New Mexico Immigrant Driver Licenses Down Substantially

By BARRY MASSEY | June 20, 2014

First-time driver’s licenses issued to immigrants in the country illegally plunged by nearly a third in the past year despite no change in New Mexico’s policy of granting driving privileges, records show.

The dramatic decline comes after Republican Gov. Susana Martinez, who’s up for re-election, pushed unsuccessfully for four years to scrap the state’s law allowing driver’s licenses to immigrants, regardless of their immigration status.

According to a review of state records by The Associated Press, there was a 31 percent decline in first-time licenses issued to foreign nationals from 2012 and 2013. Licenses granted during the first quarter of this year dropped by nearly a third compared to the same period last year.

There’s no clear explanation for the recent trend, although licenses have been declining since Democratic Gov. Bill Richardson left office at the end of 2010. He signed the license law in 2003.

Martinez said her administration hasn’t changed its policies for scrutinizing license applications in the past year. However, she contends the decline is attributable to the state’s willingness to prosecute individuals who fraudulently try to obtain licenses.

“The law was meant for people who live here. When you are brought in from another country to commit a crime here, I think the word is getting out we are not going to take it,” Martinez said in an interview Tuesday.

The state has prosecuted what it considers organized fraud rings that help immigrants obtain a license in New Mexico. Charges were brought in April against two immigrants living in New York who tried to obtain licenses in New Mexico after responding to a New York newspaper advertisement and paying $1,500 each to obtain documents needed for their applications.

Immigrant rights activist Marcela Diaz dismisses that a fraud crackdown is behind the license decline and instead sees the state’s weak economy as the reason.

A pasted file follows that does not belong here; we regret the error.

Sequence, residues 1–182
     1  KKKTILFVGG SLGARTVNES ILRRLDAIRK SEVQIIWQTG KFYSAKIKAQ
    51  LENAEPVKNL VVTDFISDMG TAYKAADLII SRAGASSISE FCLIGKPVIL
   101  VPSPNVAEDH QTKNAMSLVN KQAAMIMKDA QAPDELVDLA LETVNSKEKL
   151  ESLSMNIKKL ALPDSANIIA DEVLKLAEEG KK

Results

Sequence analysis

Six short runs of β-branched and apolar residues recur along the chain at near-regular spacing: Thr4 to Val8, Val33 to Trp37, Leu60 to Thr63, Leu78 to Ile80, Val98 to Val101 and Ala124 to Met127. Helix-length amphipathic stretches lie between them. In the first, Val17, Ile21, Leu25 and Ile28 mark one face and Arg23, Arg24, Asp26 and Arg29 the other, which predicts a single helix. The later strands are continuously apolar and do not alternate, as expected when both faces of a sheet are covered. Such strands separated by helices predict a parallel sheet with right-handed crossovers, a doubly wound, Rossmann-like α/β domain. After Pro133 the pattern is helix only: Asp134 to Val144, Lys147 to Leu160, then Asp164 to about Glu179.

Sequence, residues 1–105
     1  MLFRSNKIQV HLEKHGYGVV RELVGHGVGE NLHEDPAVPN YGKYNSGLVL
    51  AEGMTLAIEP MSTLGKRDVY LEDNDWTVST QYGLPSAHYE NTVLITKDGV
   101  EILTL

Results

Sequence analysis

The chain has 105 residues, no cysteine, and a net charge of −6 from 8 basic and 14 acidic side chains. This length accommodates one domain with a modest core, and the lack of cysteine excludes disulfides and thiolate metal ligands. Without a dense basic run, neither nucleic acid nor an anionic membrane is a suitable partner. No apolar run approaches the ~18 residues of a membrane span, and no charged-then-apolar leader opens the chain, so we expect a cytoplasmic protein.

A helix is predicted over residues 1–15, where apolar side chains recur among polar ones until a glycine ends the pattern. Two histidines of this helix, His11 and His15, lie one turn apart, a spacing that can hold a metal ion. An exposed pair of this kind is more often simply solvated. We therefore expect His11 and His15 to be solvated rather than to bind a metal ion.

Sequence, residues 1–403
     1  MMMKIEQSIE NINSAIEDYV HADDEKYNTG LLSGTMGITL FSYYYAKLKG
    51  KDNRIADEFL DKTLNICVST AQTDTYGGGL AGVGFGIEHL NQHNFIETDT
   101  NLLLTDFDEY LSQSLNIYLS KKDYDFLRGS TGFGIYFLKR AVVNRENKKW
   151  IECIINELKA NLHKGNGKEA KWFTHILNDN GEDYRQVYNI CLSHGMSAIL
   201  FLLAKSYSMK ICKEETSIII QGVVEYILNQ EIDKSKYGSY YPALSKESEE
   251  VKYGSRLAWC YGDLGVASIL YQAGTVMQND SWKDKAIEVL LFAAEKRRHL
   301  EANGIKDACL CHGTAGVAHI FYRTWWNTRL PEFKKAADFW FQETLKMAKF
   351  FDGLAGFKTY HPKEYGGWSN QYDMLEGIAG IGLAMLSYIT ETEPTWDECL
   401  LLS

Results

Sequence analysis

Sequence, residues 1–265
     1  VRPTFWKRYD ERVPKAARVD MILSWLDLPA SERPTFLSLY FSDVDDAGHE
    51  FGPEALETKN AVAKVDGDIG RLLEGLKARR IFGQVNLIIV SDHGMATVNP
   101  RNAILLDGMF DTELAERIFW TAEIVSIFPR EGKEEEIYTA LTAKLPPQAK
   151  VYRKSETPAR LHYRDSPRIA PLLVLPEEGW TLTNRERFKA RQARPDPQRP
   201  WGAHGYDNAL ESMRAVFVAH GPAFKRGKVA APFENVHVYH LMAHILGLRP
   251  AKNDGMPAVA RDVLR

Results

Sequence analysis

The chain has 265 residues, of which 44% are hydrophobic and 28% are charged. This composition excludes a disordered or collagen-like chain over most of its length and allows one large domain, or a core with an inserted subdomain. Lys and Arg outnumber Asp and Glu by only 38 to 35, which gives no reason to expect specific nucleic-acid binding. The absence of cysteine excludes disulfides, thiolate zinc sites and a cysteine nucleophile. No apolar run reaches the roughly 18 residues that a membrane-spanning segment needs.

“If you don’t have a job why would you move to New Mexico,” said Diaz, executive director of Somos Un Pueblo Unido, a Santa Fe-based group that opposes efforts to stop licenses for immigrants.

Washington state and New Mexico have long had the broadest licensing laws in the nation, which allow immigrants and anyone else without a Social Security number to obtain the same driver’s license as a U.S. citizen.

But New Mexico’s license drop is far steeper than in Washington, which had a 7 percent decline in licenses granted last year to people without a Social Security number, according to records from the state’s Department of Licensing.

Eleven states and the District of Columbia have recently enacted laws to extend driving privileges to immigrants in the country illegally, according to the National Conference of State Legislatures. But most of the new state laws weren’t in effect last year.

In New Mexico, 5,160 new foreign national licenses were granted in 2013, down from 7,469 in 2012. License renewals for immigrants have remained relatively stable _ declining only 1 percent last year.

Martinez contends the license system should be scrapped because it’s a security risk with out-of-state immigrants coming to New Mexico to seek a license by falsely claiming they are residents. More than 100,000 licenses have been issued to foreign nationals since 2003.

But the governor’s efforts have failed in the Democratic-controlled Legislature. Supporters contend the law improves public safety by having immigrant motorists in the country illegally obtain insurance and adding them to the government’s license database. Advocates also contend those immigrants need to be able to legally drive to jobs and take their children to school.

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